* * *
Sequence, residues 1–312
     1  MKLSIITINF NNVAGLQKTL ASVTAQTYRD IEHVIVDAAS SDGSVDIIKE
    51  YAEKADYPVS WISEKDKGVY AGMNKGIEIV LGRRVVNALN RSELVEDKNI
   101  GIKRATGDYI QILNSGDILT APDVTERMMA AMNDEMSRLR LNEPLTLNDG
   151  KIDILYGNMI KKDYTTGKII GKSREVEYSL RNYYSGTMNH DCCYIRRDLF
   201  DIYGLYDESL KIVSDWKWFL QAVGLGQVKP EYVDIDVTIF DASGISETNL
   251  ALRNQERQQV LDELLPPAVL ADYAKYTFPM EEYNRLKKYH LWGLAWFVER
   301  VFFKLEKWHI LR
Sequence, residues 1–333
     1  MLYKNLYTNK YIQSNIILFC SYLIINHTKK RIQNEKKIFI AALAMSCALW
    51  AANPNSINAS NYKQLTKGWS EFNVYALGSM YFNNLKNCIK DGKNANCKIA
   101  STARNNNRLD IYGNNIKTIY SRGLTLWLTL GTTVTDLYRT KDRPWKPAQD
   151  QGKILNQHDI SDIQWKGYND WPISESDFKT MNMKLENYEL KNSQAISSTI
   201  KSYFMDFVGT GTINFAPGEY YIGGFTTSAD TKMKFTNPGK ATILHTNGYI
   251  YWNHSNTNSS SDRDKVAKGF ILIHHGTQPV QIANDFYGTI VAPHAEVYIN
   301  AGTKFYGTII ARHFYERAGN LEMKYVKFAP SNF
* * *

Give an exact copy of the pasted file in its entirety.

Sequence, residues 1–312
     1  MKLSIITINF NNVAGLQKTL ASVTAQTYRD IEHVIVDAAS SDGSVDIIKE
    51  YAEKADYPVS WISEKDKGVY AGMNKGIEIV LGRRVVNALN RSELVEDKNI
   101  GIKRATGDYI QILNSGDILT APDVTERMMA AMNDEMSRLR LNEPLTLNDG
   151  KIDILYGNMI KKDYTTGKII GKSREVEYSL RNYYSGTMNH DCCYIRRDLF
   201  DIYGLYDESL KIVSDWKWFL QAVGLGQVKP EYVDIDVTIF DASGISETNL
   251  ALRNQERQQV LDELLPPAVL ADYAKYTFPM EEYNRLKKYH LWGLAWFVER
   301  VFFKLEKWHI LR
Sequence, residues 1–333
     1  MLYKNLYTNK YIQSNIILFC SYLIINHTKK RIQNEKKIFI AALAMSCALW
    51  AANPNSINAS NYKQLTKGWS EFNVYALGSM YFNNLKNCIK DGKNANCKIA
   101  STARNNNRLD IYGNNIKTIY SRGLTLWLTL GTTVTDLYRT KDRPWKPAQD
   151  QGKILNQHDI SDIQWKGYND WPISESDFKT MNMKLENYEL KNSQAISSTI
   201  KSYFMDFVGT GTINFAPGEY YIGGFTTSAD TKMKFTNPGK ATILHTNGYI
   251  YWNHSNTNSS SDRDKVAKGF ILIHHGTQPV QIANDFYGTI VAPHAEVYIN
   301  AGTKFYGTII ARHFYERAGN LEMKYVKFAP SNF